The Nature Trust of British Columbia hires crews each summer to tackle a wide variety of conservation activities on properties across the province and learn valuable skills for future employment. Training includes first aid and Bear Aware as well as the safe handling of power tools.
“Having the chance to work outdoors and make a positive impact on the environment is very rewarding,” said Dawson Clermont, member of the Vancouver Island HSBC Conservation Youth Crew.
“My family has a long history in the conservation field – my dad working in the field for 30 years and my mom on the Garry Oak ecosystem recovery team — so I’ve had a bit of interest in that sort of thing for most of my life.”
On Vancouver Island, the crew has worked on conservation properties from the Nanaimo River Estuary and Buttertubs Marsh to Lazo Marsh and the Salmon River Estuary.
“I’ve learned a lot about many different species of birds and plants both native and invasive,” Clermont said. “Being able to perform hands-on field work has really been beneficial to what and how I’ve learned.”
When asked about his most challenging tasks, he said, “Some of the Scotch Broom removals, especially in wet weather, became a bit difficult as well as the Spartina removal because of the very dense and rocky ground.”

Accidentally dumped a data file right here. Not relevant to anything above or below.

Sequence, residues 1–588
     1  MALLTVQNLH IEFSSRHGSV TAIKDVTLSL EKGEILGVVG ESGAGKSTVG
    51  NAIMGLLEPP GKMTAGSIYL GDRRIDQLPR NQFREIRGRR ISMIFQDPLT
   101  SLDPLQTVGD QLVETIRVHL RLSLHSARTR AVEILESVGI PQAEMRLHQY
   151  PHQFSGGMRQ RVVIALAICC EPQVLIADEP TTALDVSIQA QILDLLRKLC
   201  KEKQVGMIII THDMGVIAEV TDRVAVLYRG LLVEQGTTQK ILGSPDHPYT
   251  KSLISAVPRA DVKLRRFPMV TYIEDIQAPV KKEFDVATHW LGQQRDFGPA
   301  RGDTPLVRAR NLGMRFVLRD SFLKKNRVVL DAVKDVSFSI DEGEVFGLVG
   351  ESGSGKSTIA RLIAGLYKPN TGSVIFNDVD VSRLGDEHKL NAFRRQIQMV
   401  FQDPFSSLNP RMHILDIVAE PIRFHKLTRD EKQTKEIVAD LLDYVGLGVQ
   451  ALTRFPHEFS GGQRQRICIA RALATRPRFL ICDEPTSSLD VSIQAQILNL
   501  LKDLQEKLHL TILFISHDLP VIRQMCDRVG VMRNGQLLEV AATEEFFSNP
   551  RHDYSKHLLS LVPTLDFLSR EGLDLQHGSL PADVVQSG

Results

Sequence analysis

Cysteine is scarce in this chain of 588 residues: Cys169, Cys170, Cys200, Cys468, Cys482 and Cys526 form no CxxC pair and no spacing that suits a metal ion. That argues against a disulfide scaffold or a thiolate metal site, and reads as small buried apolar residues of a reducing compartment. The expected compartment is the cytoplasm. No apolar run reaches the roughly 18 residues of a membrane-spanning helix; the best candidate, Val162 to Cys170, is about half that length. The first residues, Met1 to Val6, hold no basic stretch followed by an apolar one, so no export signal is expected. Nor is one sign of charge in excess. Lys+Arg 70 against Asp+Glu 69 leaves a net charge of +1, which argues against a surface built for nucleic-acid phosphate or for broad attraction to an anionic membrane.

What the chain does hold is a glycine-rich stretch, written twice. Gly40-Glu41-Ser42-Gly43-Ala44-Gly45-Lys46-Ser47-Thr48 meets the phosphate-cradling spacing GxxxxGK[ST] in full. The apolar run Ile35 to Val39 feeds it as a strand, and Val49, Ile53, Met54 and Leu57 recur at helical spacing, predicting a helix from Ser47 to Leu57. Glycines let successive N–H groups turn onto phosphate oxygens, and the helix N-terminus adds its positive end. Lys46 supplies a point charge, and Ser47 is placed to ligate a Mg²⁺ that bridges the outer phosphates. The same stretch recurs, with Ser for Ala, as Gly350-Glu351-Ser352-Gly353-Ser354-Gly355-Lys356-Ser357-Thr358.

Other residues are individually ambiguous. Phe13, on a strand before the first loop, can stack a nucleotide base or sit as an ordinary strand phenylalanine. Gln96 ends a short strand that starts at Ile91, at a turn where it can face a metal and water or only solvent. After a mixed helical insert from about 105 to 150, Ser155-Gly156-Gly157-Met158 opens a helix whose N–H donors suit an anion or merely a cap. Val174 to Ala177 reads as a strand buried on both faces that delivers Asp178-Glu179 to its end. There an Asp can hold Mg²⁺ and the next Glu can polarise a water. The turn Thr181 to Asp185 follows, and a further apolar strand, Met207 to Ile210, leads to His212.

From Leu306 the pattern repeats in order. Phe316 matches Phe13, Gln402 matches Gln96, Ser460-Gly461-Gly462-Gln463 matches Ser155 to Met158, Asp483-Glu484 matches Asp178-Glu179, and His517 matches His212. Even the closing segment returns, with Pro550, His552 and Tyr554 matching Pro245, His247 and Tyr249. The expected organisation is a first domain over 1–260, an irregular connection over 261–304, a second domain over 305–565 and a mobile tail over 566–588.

The crews perform on-the-ground work as well as attending workshops from specialists in the field on topics such as bird counts, and forest and wetland ecology. They also contribute to the local community in a variety of ways.
“We feel like most of our work contributes to the communities,” Clermont said. “But in particular we’ve installed many helpful signs, coordinated broom removals, maintained trail systems and many other things that benefit not only these communities but the environment.”
Clermont recently finished his first year of engineering at the University of Victoria and plans to attend the renewable energy program at Camosun College.
As a leading non profit land conservation organization, the nature trust is dedicated to protecting B.C.’s natural diversity of plants and animals through the acquisition and management of critical habitats.
Since 1971 the trust, along with their partners, invested more than $80 million to secure more than 70,000 hectares across British Columbia.